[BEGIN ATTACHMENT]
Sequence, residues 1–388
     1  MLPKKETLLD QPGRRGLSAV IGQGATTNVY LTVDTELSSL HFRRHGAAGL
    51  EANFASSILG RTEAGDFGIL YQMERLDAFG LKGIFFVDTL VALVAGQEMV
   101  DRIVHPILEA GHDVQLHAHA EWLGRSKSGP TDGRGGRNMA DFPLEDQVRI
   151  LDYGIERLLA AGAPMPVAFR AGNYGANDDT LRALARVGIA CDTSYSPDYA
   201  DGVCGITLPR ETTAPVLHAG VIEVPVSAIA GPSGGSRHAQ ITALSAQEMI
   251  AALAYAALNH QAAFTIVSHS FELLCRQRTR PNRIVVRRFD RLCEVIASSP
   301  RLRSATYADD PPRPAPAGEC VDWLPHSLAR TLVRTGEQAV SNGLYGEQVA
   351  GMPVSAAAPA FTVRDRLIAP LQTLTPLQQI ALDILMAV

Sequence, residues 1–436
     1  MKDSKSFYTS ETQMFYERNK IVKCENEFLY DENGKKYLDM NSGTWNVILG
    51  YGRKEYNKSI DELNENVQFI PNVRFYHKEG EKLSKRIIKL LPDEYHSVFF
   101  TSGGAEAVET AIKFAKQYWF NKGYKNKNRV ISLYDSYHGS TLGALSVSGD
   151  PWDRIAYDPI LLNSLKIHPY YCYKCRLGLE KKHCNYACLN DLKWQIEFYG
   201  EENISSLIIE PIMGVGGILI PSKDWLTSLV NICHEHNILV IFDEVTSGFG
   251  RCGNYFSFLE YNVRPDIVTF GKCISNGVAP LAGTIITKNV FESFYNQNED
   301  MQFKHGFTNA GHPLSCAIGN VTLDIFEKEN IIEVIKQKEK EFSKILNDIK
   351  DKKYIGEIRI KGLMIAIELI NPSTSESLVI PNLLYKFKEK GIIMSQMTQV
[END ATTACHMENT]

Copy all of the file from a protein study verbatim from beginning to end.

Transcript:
Sequence, residues 1–388
     1  MLPKKETLLD QPGRRGLSAV IGQGATTNVY LTVDTELSSL HFRRHGAAGL
    51  EANFASSILG RTEAGDFGIL YQMERLDAFG LKGIFFVDTL VALVAGQEMV
   101  DRIVHPILEA GHDVQLHAHA EWLGRSKSGP TDGRGGRNMA DFPLEDQVRI
   151  LDYGIERLLA AGAPMPVAFR AGNYGANDDT LRALARVGIA CDTSYSPDYA
   201  DGVCGITLPR ETTAPVLHAG VIEVPVSAIA GPSGGSRHAQ ITALSAQEMI
   251  AALAYAALNH QAAFTIVSHS FELLCRQRTR PNRIVVRRFD RLCEVIASSP
   301  RLRSATYADD PPRPAPAGEC VDWLPHSLAR TLVRTGEQAV SNGLYGEQVA
   351  GMPVSAAAPA FTVRDRLIAP LQTLTPLQQI ALDILMAV

Sequence, residues 1–436
     1  MKDSKSFYTS ETQMFYERNK IVKCENEFLY DENGKKYLDM NSGTWNVILG
    51  YGRKEYNKSI DELNENVQFI PNVRFYHKEG EKLSKRIIKL LPDEYHSVFF
   101  TSGGAEAVET AIKFAKQYWF NKGYKNKNRV ISLYDSYHGS TLGALSVSGD
   151  PWDRIAYDPI LLNSLKIHPY YCYKCRLGLE KKHCNYACLN DLKWQIEFYG
   201  EENISSLIIE PIMGVGGILI PSKDWLTSLV NICHEHNILV IFDEVTSGFG
   251  RCGNYFSFLE YNVRPDIVTF GKCISNGVAP LAGTIITKNV FESFYNQNED
   301  MQFKHGFTNA GHPLSCAIGN VTLDIFEKEN IIEVIKQKEK EFSKILNDIK
   351  DKKYIGEIRI KGLMIAIELI NPSTSESLVI PNLLYKFKEK GIIMSQMTQV